Three faculty members last week received Great Teacher Awards for their excellence and commitment to teaching.
The award recipients were Brian Butz, professor of electrical and computer engineering, Philip Hineline, psychology professor, and Mel Silberman, professor and coordinator of the graduate program in adult and organizational development.
Faculty members are nominated for the award by fellow colleagues and their own students. They are chosen for an award through support from their peers and alumni and from student evaluations.
The standards on receiving the award include demonstrating expertise in their subject, helping students learn, being available outside of classroom and creating new methods of classroom instruction.
James Gallagher, president of Philadelphia University, was one of the speakers at the awards ceremony held last week in Sullivan Hall.
“Human achievement stands on the shoulders of great teachers,” Gallagher said. He wished the teachers continued success and excellence in their profession. He thought the next generation of students would be in good hands with all teachers who give the same commitment as those honored.
Butz teaches in the College of Engineering, where he helped place computer applications at the school. Among his current projects, he is working on an engineering laboratory for disabled students.
In the past he developed multimedia tutoring software and started a summer program that teaches electrical engineering to high school students.
Hineline has been teaching psychology since 1969.
He said he wanted to teach the subject because he was interested in explaining to others why smart people sometimes commit senseless acts. He said he was excited upon learning that he was going to be honored.
“The honor is reassuring in that it tells us what we’re doing is seen as important to the university,” Hineline said. “Also any news coverage on this can tell a prospective student that there are teachers who take their jobs seriously.”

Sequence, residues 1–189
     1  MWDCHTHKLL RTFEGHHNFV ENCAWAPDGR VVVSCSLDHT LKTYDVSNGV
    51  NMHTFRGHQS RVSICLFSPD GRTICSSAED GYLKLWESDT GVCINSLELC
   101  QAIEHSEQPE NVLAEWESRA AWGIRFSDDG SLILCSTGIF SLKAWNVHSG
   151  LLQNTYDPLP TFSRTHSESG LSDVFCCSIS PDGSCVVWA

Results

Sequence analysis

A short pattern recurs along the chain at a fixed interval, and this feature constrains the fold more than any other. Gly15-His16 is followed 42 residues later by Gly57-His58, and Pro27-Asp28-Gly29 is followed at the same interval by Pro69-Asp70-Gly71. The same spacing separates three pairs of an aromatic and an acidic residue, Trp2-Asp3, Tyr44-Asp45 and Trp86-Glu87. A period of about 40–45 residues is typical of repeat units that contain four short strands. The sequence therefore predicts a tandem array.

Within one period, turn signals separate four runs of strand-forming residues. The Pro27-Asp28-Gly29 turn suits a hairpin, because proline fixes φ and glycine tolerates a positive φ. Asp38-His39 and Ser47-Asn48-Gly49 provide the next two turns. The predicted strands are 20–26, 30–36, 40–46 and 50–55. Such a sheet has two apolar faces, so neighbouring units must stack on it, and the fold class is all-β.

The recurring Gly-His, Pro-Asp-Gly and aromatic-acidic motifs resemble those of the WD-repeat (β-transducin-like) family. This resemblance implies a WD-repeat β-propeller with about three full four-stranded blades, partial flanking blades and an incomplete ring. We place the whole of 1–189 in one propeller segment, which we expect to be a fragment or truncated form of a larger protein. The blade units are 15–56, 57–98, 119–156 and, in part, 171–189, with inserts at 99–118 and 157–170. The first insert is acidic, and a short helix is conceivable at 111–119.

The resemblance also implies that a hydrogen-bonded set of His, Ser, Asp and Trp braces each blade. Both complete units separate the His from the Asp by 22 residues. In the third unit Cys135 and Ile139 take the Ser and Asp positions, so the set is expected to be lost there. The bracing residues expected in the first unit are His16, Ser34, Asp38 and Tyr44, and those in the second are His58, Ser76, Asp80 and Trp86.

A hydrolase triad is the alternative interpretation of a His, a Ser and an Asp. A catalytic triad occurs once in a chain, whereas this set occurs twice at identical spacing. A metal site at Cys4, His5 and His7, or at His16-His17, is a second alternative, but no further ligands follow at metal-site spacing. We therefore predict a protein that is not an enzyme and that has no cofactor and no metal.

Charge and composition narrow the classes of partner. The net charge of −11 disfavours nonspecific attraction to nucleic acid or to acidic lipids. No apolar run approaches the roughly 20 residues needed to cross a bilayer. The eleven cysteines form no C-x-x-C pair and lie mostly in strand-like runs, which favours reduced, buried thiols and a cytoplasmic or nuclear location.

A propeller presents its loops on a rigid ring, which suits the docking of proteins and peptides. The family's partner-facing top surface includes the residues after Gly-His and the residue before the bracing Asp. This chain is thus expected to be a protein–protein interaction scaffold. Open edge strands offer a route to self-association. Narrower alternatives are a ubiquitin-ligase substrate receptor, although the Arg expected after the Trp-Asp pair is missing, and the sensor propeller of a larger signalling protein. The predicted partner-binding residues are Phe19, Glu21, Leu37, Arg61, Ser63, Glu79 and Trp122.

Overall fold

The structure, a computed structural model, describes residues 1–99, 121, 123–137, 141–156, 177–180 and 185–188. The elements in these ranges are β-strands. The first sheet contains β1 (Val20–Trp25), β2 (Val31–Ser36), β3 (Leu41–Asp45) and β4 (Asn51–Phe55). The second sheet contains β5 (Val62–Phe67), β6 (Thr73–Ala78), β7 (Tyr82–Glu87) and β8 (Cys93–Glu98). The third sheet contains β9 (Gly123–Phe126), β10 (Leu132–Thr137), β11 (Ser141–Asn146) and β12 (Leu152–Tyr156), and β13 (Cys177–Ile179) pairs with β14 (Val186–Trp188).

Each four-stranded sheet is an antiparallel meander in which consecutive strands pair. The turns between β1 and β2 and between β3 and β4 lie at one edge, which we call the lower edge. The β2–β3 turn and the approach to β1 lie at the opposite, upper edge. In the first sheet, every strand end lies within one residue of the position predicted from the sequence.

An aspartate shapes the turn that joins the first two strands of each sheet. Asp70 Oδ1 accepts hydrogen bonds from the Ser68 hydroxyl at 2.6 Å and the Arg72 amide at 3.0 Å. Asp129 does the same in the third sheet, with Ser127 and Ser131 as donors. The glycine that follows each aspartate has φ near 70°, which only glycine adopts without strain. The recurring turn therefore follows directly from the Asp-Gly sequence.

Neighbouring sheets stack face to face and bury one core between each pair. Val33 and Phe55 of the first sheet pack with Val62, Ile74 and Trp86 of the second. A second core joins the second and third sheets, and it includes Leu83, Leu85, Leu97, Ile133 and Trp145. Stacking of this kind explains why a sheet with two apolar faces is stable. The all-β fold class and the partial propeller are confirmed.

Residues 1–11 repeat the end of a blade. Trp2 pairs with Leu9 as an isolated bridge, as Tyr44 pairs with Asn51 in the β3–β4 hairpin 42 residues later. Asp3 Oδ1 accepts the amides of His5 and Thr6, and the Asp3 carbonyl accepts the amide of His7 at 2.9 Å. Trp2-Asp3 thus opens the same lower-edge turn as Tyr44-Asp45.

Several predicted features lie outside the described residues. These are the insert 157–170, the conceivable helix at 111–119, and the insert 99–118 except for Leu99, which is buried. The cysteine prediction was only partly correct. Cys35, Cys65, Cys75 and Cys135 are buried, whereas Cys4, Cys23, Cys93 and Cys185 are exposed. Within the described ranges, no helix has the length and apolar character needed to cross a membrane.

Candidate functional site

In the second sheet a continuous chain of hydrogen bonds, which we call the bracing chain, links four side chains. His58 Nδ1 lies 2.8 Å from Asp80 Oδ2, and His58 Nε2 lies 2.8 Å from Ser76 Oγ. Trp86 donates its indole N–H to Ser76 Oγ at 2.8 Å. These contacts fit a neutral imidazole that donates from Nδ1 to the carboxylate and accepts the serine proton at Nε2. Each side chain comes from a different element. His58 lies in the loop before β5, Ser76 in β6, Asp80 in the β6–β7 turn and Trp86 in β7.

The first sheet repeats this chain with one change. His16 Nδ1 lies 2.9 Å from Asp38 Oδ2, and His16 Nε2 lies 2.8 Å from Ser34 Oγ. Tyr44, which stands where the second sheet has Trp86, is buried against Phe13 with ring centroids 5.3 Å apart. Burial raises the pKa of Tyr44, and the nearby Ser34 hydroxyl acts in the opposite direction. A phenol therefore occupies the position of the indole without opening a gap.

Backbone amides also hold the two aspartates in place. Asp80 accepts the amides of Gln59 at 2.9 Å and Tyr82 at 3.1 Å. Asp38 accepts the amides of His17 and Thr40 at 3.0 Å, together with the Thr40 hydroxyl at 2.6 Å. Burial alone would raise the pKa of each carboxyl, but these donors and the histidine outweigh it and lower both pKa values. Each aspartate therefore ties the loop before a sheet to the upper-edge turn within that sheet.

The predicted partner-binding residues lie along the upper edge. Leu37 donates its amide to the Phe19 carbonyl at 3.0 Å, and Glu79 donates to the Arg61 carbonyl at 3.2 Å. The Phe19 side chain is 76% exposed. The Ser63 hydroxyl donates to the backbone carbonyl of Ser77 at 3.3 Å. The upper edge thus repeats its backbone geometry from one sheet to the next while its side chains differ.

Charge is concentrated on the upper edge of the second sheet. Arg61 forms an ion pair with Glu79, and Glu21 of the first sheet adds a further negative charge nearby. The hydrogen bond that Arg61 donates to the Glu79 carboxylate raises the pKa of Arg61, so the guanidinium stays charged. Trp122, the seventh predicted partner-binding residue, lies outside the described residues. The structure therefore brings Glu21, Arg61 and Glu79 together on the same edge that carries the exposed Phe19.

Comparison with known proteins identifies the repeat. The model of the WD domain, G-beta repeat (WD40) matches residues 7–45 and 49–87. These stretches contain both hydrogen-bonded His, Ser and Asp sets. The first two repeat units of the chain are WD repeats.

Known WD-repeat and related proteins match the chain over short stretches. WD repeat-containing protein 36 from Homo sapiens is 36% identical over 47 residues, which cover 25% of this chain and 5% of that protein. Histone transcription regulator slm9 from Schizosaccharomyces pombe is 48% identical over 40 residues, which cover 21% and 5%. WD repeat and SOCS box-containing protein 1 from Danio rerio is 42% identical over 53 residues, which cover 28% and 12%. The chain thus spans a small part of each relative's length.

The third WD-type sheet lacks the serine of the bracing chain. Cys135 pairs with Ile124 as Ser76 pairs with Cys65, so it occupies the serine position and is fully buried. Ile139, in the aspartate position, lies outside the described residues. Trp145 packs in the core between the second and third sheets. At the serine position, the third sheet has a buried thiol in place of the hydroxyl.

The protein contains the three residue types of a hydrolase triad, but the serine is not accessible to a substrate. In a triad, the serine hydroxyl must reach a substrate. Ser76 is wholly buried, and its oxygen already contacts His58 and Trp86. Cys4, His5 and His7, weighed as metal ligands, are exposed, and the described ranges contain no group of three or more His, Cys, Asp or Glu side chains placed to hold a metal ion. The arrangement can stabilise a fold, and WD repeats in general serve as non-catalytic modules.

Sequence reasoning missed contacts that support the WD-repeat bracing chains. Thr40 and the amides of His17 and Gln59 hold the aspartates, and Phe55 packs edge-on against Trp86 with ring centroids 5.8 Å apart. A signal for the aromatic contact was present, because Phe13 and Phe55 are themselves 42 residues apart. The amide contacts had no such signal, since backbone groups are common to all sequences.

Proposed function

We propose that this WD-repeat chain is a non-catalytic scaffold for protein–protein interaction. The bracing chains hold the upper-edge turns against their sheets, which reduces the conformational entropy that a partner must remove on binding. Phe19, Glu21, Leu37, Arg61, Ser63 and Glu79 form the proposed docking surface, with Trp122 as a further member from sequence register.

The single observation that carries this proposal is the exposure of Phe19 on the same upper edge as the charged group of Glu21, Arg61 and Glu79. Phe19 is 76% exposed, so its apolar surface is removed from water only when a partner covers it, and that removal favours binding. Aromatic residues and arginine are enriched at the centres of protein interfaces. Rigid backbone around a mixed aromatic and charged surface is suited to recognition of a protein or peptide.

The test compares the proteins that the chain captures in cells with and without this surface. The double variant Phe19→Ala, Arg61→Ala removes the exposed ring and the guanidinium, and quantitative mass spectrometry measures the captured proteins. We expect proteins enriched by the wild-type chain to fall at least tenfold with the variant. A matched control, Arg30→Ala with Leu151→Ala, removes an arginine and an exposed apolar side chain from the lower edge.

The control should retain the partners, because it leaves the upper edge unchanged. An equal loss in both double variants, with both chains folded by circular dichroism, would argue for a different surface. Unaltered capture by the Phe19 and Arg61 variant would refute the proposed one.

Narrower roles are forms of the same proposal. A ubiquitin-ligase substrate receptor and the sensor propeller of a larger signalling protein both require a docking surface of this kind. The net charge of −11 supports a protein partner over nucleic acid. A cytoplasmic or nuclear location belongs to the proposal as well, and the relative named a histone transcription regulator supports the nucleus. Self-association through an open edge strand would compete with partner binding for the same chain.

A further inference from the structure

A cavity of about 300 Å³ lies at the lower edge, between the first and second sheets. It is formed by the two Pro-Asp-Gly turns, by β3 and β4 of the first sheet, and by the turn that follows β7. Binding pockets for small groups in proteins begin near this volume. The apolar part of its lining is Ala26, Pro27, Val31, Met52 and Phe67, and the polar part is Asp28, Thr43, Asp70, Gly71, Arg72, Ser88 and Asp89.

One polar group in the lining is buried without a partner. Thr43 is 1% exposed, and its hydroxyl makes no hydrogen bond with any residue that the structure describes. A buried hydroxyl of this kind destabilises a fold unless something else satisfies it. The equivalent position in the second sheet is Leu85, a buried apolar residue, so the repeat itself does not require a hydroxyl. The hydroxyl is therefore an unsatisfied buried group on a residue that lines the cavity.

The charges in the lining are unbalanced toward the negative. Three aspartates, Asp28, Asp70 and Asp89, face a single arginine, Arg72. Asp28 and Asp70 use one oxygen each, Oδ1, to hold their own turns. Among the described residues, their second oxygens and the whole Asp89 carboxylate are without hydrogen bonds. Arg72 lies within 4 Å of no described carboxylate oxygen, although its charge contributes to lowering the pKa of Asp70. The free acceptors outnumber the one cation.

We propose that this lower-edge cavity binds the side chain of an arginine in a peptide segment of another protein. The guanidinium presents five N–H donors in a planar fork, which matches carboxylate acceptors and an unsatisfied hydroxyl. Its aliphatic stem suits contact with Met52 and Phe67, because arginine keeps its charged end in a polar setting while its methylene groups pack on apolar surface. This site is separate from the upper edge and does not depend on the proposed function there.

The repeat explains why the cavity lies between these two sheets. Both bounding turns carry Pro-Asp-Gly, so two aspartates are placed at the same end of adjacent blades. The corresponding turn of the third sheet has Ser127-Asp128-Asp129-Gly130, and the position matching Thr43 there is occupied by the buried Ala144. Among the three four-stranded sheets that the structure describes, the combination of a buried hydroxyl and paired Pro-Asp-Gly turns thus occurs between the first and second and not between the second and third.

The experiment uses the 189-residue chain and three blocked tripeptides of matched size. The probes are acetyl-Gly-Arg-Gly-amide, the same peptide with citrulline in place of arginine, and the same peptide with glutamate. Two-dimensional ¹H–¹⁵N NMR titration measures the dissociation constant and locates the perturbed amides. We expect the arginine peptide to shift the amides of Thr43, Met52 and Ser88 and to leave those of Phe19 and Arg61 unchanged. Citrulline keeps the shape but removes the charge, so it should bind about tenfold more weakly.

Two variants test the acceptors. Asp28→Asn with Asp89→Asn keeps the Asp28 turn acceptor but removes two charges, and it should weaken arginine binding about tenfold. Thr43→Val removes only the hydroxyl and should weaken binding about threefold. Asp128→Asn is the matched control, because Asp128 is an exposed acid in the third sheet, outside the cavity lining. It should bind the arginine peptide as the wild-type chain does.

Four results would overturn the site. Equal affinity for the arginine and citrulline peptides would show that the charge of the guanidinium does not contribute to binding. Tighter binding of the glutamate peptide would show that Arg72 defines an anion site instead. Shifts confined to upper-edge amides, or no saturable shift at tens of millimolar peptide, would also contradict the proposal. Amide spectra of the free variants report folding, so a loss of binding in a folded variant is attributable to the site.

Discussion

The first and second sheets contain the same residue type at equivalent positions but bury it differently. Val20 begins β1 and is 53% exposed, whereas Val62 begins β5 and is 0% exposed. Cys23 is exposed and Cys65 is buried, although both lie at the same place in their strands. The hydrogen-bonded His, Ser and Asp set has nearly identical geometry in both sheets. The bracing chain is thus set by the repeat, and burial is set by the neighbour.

Hineline said he gets the most satisfaction from his job through the everyday interaction with students and seeing their progress in their work.
Silberman has been teaching at Temple for the past 32 years. His role in the program of adult development involves structuring teaching situations so students are more active in the classroom.
Silberman said he was shocked upon learning about the award since he was a first-time nominee.
“I’m extremely pleased and very glad that this provided an opportunity to let the Temple community know about the program,” he said.
Through all his years of teaching, Silberman said he was most proud of the many students who have written or published books and articles based on principles he taught them.
Silberman also hopes that electronic learning and online classes don’t shift focus away from traditional forms of learning. He stressed that the classroom is the place where a teacher makes a real emotional connection with the students.
The Great Teacher Awards is an annual ceremony established in 1988 by Temple President Peter Liacouras and the Board of Trustees.
The award, which comes with a $15,000 cash prize for each recipient, is also considered to be the largest award a college or university can give in honor of teaching excellence. Each honoree is given a sculpture created by Professor Stanley Lechtzin of Temple’s Tyler Art School. The name of each award-winning teacher is inscribed in the south wall of Founder’s Garden.
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